Groundwater Regulation Act is need of the hour: eco report

EPTRI presents ‘TS state of environment report’ to govt.

February 20, 2018 02:44 am | Updated February 22, 2018 07:49 am IST - HYDERABAD

File photo of an borewell that has fallen into disuse due to depletion of ground water level in Warangal city.

File photo of an borewell that has fallen into disuse due to depletion of ground water level in Warangal city.

There is an urgent need to enact a Groundwater Regulation and Control Act in Telangana on the lines of a Central Model Bill that has been introduced in this regard. Such a law would help regulate groundwater extraction and prevent ruthless drilling of earth for pumping groundwater.

The ‘TS state of environment report’, a draft prepared by the Environment, Protection, Training and Research Institute (EPTRI) and recently presented to the government, emphasised that the State has to promote the idea of conjunctive use of water from surface, rainwater harvesting, etc. to wean off excessive pressure on groundwater sources.

Prepared with support of the Union Ministry of Environment, Forests and Climate Change, the draft report indicated the dire current state of ecology and gave a series of recommendations to be followed in various sectors to lower pollution levels, and improve farm production and conditions for flora and fauna to thrive.

Deep water levels of over 20 metres have been observed in most parts of Medak, Mahabubnagar, Ranga Reddy, Nizamabad, Nalgonda and parts of Karimnagar, Warangal, Khammam and Adilabad districts. It also stated that the government has been sanctioning Reserve Osmosis plants in quality/fluoride affected habitations, but the impact of such plants is that the water-rejection rate is around 25% to 45%.

Although RO plants provide an immediate solution to get over water quality related problems, they were unsustainable in the longer run because of the high pressure it exerted on groundwater. The report called for an empirical investigation to ascertain the impact of such plants on groundwater and on water governance.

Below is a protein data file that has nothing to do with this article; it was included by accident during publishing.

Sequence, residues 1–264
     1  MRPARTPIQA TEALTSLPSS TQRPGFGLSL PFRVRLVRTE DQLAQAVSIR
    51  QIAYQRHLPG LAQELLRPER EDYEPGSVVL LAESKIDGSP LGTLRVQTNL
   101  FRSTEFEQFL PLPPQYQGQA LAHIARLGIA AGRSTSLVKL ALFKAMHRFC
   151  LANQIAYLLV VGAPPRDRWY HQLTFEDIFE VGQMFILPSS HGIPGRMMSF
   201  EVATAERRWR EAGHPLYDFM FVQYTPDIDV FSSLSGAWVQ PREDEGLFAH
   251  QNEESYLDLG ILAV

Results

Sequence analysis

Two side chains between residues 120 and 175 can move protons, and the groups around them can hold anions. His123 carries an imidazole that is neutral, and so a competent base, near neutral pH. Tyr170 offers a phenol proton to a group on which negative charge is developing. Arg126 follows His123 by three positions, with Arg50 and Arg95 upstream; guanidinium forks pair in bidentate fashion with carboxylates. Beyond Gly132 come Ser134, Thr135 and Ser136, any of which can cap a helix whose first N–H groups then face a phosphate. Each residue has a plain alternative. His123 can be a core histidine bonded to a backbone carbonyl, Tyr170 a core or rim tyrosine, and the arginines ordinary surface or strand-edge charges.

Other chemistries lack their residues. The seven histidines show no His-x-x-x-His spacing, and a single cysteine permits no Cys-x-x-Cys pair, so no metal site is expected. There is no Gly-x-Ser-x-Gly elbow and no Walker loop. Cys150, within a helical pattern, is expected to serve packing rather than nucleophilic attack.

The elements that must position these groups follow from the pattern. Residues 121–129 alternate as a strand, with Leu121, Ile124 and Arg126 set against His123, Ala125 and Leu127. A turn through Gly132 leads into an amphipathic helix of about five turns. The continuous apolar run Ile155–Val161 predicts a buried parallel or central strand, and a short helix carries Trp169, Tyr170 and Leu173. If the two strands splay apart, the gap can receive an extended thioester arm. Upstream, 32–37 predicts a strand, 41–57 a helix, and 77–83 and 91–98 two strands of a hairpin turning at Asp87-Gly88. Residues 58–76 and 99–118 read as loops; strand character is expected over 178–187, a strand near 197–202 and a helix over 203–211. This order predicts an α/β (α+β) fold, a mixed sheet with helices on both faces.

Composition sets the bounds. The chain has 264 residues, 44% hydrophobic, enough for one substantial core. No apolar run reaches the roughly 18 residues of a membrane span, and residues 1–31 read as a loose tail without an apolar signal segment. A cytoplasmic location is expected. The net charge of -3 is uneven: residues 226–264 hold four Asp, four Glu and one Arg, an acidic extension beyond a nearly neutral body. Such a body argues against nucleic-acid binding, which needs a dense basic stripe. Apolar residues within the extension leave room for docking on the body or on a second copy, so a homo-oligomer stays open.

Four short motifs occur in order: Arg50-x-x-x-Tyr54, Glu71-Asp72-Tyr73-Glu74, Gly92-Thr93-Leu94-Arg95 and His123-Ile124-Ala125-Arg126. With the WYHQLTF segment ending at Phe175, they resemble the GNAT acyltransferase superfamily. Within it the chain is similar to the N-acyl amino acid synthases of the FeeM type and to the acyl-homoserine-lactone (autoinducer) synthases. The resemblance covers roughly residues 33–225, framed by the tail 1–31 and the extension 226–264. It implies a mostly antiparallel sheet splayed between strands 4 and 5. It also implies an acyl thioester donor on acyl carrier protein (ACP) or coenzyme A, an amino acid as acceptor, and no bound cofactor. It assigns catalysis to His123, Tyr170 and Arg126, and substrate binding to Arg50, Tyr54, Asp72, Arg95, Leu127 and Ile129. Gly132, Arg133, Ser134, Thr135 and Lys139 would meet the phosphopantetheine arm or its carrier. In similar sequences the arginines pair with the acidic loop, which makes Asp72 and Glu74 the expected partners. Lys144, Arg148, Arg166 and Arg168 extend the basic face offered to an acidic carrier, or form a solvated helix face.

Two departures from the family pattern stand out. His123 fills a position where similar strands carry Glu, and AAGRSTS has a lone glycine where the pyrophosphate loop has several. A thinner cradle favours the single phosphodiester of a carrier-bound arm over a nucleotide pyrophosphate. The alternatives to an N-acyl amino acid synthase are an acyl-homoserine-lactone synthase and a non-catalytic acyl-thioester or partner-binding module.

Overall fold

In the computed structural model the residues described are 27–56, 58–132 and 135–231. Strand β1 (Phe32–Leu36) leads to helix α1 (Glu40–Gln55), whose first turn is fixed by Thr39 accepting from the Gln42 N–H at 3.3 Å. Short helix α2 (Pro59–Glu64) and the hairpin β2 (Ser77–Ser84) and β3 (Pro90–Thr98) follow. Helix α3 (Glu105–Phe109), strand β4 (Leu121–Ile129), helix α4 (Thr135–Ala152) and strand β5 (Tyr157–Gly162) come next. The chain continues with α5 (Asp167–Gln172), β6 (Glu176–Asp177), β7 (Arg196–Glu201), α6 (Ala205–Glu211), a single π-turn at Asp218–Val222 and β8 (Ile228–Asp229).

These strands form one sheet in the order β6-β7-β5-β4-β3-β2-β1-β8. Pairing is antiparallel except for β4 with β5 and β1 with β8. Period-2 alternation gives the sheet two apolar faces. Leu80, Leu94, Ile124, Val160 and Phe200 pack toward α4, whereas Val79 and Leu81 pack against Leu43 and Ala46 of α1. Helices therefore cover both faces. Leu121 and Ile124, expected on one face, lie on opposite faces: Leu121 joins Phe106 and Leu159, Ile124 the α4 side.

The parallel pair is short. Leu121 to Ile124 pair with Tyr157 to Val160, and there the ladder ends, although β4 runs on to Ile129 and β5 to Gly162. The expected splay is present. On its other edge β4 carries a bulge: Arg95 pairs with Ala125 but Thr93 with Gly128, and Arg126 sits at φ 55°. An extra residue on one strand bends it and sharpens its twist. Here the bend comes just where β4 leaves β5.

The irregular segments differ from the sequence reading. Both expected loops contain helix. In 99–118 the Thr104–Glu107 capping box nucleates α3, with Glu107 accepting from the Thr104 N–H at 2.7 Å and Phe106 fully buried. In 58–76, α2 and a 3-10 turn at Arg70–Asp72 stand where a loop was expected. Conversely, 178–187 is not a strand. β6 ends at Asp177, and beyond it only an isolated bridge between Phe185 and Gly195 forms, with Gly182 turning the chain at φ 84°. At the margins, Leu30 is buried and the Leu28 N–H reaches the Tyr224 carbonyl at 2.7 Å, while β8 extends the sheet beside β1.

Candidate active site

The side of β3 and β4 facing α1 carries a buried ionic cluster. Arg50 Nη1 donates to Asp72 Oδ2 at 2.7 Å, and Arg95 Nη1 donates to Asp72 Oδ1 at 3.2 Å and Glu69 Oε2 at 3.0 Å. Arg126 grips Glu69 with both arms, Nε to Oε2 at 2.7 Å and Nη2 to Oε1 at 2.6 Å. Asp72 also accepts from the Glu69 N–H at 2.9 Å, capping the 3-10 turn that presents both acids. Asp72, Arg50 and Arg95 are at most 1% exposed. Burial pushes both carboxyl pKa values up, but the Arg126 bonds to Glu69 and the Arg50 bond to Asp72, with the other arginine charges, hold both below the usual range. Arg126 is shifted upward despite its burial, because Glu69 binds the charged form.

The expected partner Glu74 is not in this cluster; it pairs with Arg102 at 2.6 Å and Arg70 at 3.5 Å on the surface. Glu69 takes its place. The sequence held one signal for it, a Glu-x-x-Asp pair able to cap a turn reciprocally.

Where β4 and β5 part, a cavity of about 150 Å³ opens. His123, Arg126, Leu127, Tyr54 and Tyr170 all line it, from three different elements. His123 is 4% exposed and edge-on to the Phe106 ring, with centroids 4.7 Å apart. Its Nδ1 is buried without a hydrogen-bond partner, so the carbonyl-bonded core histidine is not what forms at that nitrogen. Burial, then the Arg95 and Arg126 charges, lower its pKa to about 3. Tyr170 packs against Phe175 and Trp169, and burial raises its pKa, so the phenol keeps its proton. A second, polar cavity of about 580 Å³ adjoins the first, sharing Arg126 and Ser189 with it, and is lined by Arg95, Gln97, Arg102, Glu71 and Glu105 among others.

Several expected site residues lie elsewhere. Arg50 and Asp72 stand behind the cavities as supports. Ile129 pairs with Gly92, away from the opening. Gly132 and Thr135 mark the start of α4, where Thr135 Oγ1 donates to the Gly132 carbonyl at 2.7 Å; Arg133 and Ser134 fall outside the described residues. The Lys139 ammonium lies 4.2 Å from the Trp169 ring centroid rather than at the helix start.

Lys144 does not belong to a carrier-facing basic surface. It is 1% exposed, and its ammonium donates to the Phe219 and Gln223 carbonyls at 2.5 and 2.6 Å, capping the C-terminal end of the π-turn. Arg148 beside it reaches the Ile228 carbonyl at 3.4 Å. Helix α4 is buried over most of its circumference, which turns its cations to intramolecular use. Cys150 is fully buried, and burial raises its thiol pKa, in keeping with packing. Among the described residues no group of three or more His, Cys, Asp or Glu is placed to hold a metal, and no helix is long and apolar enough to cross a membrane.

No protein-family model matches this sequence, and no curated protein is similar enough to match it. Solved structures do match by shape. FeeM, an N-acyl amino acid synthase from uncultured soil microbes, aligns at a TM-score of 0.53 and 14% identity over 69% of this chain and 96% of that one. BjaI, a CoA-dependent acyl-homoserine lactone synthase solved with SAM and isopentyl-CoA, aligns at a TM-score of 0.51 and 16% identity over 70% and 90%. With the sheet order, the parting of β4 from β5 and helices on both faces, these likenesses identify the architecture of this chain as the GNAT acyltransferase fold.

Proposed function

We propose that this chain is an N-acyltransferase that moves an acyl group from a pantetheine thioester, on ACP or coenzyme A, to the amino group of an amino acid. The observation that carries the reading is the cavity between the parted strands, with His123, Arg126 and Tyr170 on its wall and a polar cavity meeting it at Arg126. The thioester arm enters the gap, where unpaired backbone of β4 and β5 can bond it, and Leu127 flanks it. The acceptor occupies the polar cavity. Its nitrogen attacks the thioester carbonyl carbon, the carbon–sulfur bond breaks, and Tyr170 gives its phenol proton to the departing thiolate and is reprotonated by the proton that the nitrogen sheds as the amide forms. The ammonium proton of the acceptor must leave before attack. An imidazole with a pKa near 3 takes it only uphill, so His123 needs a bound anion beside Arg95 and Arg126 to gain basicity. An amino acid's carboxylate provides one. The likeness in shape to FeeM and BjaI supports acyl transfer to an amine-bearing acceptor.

Groundwater safety clearance should be made mandatory before according clearance to mines whether they are major or minor. Abandoned mines or quarries could be utilised for installing solar panels for generating solar energy, while mine quarry pits could be used for water storage.

Fortify Biodiversity Board

TS Biodiversity Board should be strengthened with diverse experts working on bio-resources to manage and assess multiple implications of its depletion. Both botanical and zoological surveys should work in coordination with the Board to provide authentic information on biodiversity wealth and to take appropriate decisions, the report said.

Telangana has 17 species of amphibians, 65 species of reptiles and 103 species of mammals are assessed for threatened status by Species Specialist Group of International Union for Conservation of Nature (IUCN). The assessed species in IUCN red list constitute only 30% and rest of the species are either not assessed or data is insufficient. The species of birds in the State are estimated to be around 275-300. The information on invertebrate groups is limited to a few groups and explorations.

Over 50% of all vulnerable species occur in at least one or the other protected area in Telangana and there are2,800 taxa belonging to 1,051 genera under 185 families. This accounts for 16% of the angiosperms known from India. There are 10 national parks or wildlife sanctuaries, 65 sacred groves and about 30 lakes provide potential habitats for biodiversity.

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